Association and dissociation

Table 2.31 shows that China and the United States are the two participants most frequently associated (10% each) and dissociated (10% each) among the social actors. The other actors that are dissociated include Europe and the world, at 5% each.

In issues related to the environment, China and the United States are depicted to be associated with each other. For instance:

  • 1. Chimerica: Two against the rest of the world G2C
  • 2. Copenhagen Climate Summit: USA and China ally themselves A4C

against Europe

Table 2.31 Association/dissociation in frequency and percentage (Der Spiegel)

Re presen tational category: association vi dissociation

Social actors

Chinese

Non-Chinese

China

US

Germany

Europe

Japan

West

World

Africa

1 Association

No.

2

2

0

0

0

0

0

0

%

10

10

0

0

0

0

0

0

2 Dissociation

No.

2

2

0

1

0

0

1

0

%

10

10

0

5

0

0

5

0

From the lexical perspective, the term 'Chimerica’ in headline G2 is merely a portmanteau comprising the linguistic blending of two words ‘China’ and ‘America’ to coin a new word. However, it is a meaningful one since it symbolises an inseparable relationship between two individual words. Through the use of the quantifier ‘two’, it plays a crucial role as it further emphasises that the enclosed group is exclusive to the Chinese social actor and American social actor only, much to the exclusion of all the others.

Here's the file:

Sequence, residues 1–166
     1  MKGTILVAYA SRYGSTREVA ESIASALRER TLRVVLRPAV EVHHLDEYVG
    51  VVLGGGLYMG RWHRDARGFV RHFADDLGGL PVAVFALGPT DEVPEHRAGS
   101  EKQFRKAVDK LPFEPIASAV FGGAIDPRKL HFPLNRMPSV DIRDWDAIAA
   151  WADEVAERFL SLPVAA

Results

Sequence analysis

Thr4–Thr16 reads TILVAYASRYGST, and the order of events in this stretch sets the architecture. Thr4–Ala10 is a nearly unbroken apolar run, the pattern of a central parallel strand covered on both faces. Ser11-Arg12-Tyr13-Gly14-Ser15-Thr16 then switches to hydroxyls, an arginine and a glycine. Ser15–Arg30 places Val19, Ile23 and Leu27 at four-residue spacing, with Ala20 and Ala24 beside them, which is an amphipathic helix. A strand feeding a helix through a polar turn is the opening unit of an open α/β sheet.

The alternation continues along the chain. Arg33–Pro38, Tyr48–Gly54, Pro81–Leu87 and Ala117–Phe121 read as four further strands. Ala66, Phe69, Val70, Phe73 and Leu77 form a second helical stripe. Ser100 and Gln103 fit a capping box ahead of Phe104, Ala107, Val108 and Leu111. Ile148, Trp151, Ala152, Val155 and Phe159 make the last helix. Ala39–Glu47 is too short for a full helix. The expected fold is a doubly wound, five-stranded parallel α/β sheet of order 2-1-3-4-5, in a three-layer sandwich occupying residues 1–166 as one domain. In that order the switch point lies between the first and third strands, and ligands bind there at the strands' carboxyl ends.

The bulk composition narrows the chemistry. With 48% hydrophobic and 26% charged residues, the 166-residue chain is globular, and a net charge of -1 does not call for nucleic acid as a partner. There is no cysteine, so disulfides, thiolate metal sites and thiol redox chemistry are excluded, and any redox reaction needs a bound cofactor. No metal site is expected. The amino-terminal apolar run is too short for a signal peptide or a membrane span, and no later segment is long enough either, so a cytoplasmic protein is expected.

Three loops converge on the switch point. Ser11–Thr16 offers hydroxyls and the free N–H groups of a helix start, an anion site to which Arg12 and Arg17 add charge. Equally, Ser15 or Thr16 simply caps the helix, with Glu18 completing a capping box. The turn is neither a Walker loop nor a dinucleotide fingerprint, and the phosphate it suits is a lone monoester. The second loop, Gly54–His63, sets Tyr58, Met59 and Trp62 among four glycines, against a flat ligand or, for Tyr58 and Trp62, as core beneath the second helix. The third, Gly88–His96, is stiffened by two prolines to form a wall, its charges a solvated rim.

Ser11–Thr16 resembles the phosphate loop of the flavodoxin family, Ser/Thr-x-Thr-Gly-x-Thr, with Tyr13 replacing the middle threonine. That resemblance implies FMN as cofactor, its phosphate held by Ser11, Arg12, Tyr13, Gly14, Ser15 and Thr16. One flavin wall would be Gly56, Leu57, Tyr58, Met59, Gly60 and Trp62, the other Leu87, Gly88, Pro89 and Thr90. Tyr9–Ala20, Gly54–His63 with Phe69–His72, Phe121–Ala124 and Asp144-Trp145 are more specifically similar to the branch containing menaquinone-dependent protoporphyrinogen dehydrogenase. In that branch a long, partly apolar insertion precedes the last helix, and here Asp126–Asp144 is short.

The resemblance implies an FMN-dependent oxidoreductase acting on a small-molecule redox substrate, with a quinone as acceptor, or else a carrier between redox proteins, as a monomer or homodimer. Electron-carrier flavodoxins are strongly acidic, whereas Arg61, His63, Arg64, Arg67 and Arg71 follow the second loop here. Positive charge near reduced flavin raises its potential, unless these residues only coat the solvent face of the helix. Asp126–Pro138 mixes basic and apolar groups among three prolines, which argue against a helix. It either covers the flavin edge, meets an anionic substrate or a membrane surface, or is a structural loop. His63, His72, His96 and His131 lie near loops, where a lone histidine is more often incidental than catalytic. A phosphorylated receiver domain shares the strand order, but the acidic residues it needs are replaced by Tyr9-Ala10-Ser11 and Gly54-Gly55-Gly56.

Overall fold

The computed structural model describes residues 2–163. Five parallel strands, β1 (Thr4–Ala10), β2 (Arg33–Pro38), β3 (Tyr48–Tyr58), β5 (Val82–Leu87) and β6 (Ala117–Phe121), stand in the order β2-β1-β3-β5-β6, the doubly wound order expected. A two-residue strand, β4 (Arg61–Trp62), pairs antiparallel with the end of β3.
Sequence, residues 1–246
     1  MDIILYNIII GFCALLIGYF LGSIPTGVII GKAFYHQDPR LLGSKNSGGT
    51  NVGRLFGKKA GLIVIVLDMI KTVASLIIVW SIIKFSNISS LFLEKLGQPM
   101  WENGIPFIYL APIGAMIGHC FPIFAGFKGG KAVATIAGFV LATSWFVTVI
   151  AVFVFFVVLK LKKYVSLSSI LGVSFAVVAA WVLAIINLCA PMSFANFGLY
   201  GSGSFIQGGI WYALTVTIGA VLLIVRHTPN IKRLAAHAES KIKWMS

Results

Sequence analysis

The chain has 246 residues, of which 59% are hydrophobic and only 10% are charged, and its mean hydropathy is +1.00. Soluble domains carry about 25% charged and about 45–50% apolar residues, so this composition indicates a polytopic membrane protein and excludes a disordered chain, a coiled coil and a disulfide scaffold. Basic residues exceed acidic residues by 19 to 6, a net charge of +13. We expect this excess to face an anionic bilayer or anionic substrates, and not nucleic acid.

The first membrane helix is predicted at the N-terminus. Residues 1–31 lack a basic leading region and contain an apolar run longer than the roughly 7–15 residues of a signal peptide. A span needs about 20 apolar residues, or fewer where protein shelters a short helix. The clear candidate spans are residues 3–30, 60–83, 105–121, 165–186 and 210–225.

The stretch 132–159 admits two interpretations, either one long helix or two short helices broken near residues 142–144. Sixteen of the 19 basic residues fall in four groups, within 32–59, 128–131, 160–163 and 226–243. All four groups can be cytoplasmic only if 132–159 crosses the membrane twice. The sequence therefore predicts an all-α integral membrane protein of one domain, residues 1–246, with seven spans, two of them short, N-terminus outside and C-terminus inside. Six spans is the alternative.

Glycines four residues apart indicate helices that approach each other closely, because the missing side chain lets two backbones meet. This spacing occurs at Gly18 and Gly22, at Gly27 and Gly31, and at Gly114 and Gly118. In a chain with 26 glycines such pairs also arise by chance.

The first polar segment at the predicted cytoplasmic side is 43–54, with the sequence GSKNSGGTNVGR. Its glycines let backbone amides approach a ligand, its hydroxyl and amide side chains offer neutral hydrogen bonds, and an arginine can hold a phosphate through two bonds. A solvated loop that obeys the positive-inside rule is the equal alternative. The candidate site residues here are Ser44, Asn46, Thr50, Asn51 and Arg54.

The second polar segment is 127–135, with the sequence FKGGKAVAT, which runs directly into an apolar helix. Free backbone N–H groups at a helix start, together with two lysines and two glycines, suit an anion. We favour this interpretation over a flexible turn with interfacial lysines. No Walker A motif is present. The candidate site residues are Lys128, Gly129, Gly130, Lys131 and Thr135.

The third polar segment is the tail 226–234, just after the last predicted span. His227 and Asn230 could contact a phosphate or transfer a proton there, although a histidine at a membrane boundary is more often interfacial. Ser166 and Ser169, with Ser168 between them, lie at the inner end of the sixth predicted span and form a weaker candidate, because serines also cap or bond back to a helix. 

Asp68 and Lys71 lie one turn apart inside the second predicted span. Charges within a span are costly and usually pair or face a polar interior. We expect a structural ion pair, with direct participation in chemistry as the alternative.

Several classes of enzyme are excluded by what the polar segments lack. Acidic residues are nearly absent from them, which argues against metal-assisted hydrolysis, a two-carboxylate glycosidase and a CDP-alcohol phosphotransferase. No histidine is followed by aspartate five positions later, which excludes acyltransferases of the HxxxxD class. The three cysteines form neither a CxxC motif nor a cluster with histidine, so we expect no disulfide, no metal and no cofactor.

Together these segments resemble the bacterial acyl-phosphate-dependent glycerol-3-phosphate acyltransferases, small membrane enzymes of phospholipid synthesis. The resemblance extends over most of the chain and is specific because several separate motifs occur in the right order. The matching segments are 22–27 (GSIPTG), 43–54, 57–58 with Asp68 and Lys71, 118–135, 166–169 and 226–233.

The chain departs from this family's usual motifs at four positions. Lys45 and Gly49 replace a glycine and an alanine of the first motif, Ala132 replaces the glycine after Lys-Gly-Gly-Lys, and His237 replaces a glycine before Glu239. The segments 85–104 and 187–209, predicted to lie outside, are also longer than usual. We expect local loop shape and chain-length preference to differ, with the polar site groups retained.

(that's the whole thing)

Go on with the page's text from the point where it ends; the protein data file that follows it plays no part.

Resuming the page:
Personalisation and impersonalisation

Table 2.32 shows that the Chinese actors are personalised at a frequency of 10%, in comparison to the American actors at 5%. The abstraction and objectivation of the Chinese actors transpire at a frequency of 15% each.

The Chinese actors are personalised when they are depicted as ‘investors’ (G19C) and ‘saviour’ (G20C) in Germany and the eurozone, but are abstracted through the use of abstract expressions ‘u-turn’ (G4C), ‘China dashes hopes’ (G9C) and ‘China’s unquenchable hunger’ (G15C) that portray an image of a greedy China that reverses its political policy and has disappointed over its currency. The analysis of the objectivation of the Chinese actors shows that metonymical references are made in association with China’s manufacturing industry through ‘cheap exports’ (G3C) and ‘the world’s factory’ (G8C), while references are made to China’s non-market-based economy through ‘state- owned enterprises’ (G15C). Among the non-Chinese actors, the American participants are the only ones that are personalised, through ‘Harvard professor’ (G10C). This has the effect of endearing them to the readers due to the ‘human’ aspect of the ‘professor’.

 
Source
< Prev   CONTENTS   Source   Next >